[+/-] Today's quote: Maas
~ Timo Maas
House Speaker J. Dennis Hastert has told federal officials that the lighted, decorated tree on the West Lawn of the U.S. Capitol -- known in recent years as the "Holiday Tree" -- should be renamed the "Capitol Christmas Tree," as it was called until the late 1990s....
The Capitol tree, traditionally overshadowed by the White House's "National Christmas Tree," was renamed a "holiday tree" several years ago, according to the Capitol Architect's offices, in an effort to acknowledge the other holidays of Kwanzaa and Hanukkah -- although no one seemed to know exactly when the name was changed or by whom.
This imaginary "War on Christmas" bullshit is starting to stick in my craw. If they want a war, so be it.
As part of an information offensive in Iraq, the U.S. military is secretly paying Iraqi newspapers to publish stories written by American troops in an effort to burnish the image of the U.S. mission in Iraq.
The articles, written by U.S. military "information operations" troops, are translated into Arabic and placed in Baghdad newspapers with the help of a defense contractor, according to U.S. military officials and documents obtained by the Los Angeles Times.
Many of the articles are presented in the Iraqi press as unbiased news accounts written and reported by independent journalists. The stories trumpet the work of U.S. and Iraqi troops, denounce insurgents, and tout U.S.-led efforts to rebuild the country.
While the articles are basically truthful, they present only one side of events and omit information that might reflect poorly on the U.S. or Iraqi governments, officials said. Records and interviews indicate that the U.S. has paid Iraqi newspapers to run dozens of such articles -- with headlines such as "Iraqis Insist on Living Despite Terrorism" -- since the effort began this year.
For the 21st-century apostles of religious correctness, the godless Constitution—how could those framers have forgotten the most important three-letter word in the dictionary?—poses a formidable problem requiring the creation of tortuous historical fictions that include both subtle prevarication and bald-faced lies.
Religious reactionaries of the 18th century, by contrast, were honest in their attacks on the secularism of the new Constitution. One North Carolina minister observed with forthright disgust, during his state's ratification debate, that the abolition of religious tests for officeholders amounted to nothing less than "an invitation for Jews and pagans of every kind to come among us." The Reverend John M. Mason, a fire-breathing New York minister, declared the absence of God in the Constitution "an omission which no pretext whatever can palliate" and warned that Americans would "have every reason to tremble, lest the Governor of the universe, who will not be treated with indignity by a people more than by individuals, overturn from its foundation the fabric we have been rearing, and crush us to atoms in the wreck."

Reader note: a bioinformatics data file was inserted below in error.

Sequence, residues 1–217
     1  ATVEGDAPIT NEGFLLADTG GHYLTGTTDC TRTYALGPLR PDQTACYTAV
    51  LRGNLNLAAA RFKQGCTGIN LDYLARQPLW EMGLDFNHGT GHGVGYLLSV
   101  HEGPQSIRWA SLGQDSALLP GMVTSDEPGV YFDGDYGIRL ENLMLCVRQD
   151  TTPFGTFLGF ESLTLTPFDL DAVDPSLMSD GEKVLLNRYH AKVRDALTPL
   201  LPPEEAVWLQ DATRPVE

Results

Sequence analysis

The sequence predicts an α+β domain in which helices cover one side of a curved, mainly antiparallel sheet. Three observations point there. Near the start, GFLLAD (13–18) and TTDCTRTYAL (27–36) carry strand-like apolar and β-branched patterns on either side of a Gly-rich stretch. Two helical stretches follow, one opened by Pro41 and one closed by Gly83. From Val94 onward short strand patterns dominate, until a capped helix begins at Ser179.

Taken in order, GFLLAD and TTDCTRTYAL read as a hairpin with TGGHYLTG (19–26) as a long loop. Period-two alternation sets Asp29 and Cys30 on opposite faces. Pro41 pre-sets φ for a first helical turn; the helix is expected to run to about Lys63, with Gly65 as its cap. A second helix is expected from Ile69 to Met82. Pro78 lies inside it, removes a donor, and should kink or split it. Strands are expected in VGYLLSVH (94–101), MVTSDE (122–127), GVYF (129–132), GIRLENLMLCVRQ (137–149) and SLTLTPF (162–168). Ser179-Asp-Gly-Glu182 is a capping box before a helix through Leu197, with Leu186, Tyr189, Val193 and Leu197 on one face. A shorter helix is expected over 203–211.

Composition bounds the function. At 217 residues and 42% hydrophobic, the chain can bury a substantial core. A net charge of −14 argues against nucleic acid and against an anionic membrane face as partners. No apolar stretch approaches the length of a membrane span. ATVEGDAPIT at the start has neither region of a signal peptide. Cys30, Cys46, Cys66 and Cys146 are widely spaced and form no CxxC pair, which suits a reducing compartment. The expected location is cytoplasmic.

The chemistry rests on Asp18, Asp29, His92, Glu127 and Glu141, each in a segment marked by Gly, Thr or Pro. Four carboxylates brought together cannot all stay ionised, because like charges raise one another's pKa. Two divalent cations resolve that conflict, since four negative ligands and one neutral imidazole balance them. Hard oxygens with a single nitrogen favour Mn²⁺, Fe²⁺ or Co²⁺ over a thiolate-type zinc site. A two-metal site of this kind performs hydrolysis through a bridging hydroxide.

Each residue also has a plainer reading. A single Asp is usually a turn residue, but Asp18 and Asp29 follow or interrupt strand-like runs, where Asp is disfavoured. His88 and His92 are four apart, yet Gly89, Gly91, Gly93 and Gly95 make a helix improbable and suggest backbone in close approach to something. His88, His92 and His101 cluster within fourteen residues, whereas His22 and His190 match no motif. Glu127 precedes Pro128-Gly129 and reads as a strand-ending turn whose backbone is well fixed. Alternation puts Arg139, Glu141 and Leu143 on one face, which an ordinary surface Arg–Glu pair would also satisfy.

The article is worth a full read. Check it out.
"I didn't advocate invasion," Rumsfeld told ABC television Sunday, when asked if he would have advocated an invasion of Iraq if he had known that no weapons of mass destruction would be found there.
The US Defense chief added: "I wasn't asked," when asked whether he supported the March 2003 invasion.
Rumsfeld's pants are on fire. Here's a letter he wrote to then President Clinton in support of taking out Saddam.
Dick Cheney stands at the intersection of the war in Iraq and secret meetings with oil company executives to shape energy policy. The administration’s consistent denials that the war had anything to do with oil may unravel if the oil executives are placed under oath and compelled to answer questions about the meeting with Cheney -- questions they evaded during their unsworn congressional testimony.The Senate is demanding that executives from Big Oil return to testify about a secret meeting with Cheney on energy policy that took place soon after Bush came to office. The Big Oil men denied knowledge of the gathering in earlier testimony. But that testimony was not under oath so they cannot be charged with perjury. Cheney has been vigorously trying to keep secret what happened at this meeting. It is suspected the vice president and the oil companies hammered out an aggressive energy policy, and possibly discussed the administration’s plans to go to war in Iraq, well before 9-11. Cutting up Iraqi oil and the future of OPEC would certainly have been on the table. The new administration would certainly have needed the acquiescence of the oil industry in waging war in an area where the companies are so deeply involved. Oil has always been the bottom-line issue in the Iraq war—although in public Bush eschewed any interest in the subject, arguing instead he was just pushing the spread of democracy.
President Bush's positive job rating continues to fall, touching another new low for his presidency, the latest Harris Interactive poll finds.
Bush's current job approval rating stands at 34%, compared with a positive rating of 88% soon after 9/11, 50% at this time last year, and 40% in August....
Mr. Bush's current ratings don't compare favorably with those of three of the last four two-term presidents at a comparable time in their fifth year in office. In November or October of their fifth year, Presidents Johnson (67%), Reagan (66%) and Clinton (58%) all enjoyed the support of majorities, while President Nixon (29%) was less popular than Mr. Bush is now.
Recent documents leaked to RAW STORY reveal that as of Nov. 8, coalition forces in Iraq held 13,514 in Iraqi prisons. The documents also reveal the grim landscape of Iraq’s internment system, in which just two percent of those detained been convicted. A UN report has confirmed the basic figures.
A slide created by Detainee Operations at US Central Command (CENTCOM), provided to RAW STORY, reveals that 13,514 detainees are currently held inside coalition-run internment camps throughout Iraq. The figure represents a huge spike from March 2004 – when just 5,673 were reported held, according to a source familiar with the documents.